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According to a Senate inquiry, a gas disruption produced a urea scarcity

ISLAMABAD: A parliamentary committee said on Thursday that a gas supply disruption to fertiliser facilities between June and September resulted in a 200,000-tonne urea shortfall.

The Senate Standing Committee on National Food Security and Research noted that the Cabinet’s Economic Coordination Committee (ECC) had determined that urea factories will stay operating from March to November while discussing the urea shortage. However, the facilities were out of commission from June 28 to September 16, resulting in a 200,000-tonne reduction in urea output.

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“We are suffering today due to a shutdown of urea plants. Why has a responsibility yet not been fixed? Why have people in the Ministry of Petroleum not been held accountable?” asked committee chair Syed Muzafar Hussain Shah.

The committee observed that this lapse will result in urea hoarding, price hike and an artificial shortage. It insisted on knowing who was responsible for keeping the urea plants shut between June and September. However, the response from the Ministry of National Food Security and Research was that no responsibility had been affixed.

“The committee recommends that inquiry be held why urea plants were shut despite the decision taken by the ECC, which has resulted in a grave crisis in the agriculture sector leading to rising prices of urea, shortage, black marketing besides the adverse effects on yield of wheat,” said Mr Shah.

The committee was informed by the food security ministry that the matter of gas shortage was taken up on various forums to ensure the supply to urea plants. It complained that due to the urea shortage the production of other crops such as cotton had also suffered. Many members of the committee complained non-availability of urea and wheat in their localities.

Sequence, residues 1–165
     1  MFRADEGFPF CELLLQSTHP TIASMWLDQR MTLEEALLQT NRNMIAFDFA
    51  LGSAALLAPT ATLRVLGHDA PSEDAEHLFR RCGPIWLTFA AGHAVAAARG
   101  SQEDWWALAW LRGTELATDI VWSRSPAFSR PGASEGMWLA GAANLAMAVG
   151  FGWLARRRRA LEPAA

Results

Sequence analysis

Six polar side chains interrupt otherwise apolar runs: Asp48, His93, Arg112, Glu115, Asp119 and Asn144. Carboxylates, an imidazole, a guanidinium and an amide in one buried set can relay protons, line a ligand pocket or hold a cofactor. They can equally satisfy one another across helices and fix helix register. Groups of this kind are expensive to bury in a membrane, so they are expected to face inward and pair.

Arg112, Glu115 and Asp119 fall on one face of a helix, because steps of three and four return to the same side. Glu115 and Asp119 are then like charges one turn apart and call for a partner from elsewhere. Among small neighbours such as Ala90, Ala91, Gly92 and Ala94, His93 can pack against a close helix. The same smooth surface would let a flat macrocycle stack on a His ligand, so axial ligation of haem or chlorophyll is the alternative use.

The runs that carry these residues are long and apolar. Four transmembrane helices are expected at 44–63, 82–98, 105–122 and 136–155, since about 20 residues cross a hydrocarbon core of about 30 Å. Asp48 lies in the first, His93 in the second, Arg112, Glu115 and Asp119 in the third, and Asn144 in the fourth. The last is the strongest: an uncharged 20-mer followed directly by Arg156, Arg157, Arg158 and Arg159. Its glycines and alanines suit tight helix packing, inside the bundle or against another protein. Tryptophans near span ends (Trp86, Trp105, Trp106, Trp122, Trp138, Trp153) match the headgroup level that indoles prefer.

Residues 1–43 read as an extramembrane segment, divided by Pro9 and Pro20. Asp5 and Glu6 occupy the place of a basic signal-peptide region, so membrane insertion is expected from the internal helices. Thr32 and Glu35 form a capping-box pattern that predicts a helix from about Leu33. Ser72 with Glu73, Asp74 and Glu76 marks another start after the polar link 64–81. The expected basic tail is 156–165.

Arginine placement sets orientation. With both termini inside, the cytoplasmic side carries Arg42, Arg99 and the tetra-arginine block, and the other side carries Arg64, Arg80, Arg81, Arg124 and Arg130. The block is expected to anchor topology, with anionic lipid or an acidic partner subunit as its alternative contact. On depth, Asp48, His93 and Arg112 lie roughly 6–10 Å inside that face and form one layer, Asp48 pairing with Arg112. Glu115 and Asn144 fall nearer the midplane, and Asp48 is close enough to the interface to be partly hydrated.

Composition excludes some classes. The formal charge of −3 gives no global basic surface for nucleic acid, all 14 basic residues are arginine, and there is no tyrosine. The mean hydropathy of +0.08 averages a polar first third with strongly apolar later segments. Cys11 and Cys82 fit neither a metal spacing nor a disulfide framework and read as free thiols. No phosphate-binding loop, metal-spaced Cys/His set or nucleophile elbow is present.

Another member drew the attention towards smuggling of urea to other countries where producers could fetch a much higher price than Rs1,767 per 50kg bag at home.

However, the ministry officials informed the committee that urea was short the world over, including India. China and Russia had stopped exporting urea. Pakistan was self-sufficient in the production of urea had the gas shortage not occurred.

According to the ministry officials, the prime minister presided over two meetings on the matter and directed an uninterrupted supply of gas to the industry. There were technicalities involved in the pressure of gas supplied to the plants.

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In response to observations made regarding the smuggling of urea through Khyber Pakhtunkhwa and Balochistan into Afghanistan, officials from the ministry stated that the law enforcement agencies were monitoring borders to prevent urea from being smuggled outside Pakistan.

Expressing concern, the standing committee maintained that the highest priority should be given to the availability of gas to urea plants to avoid shortages in the future.

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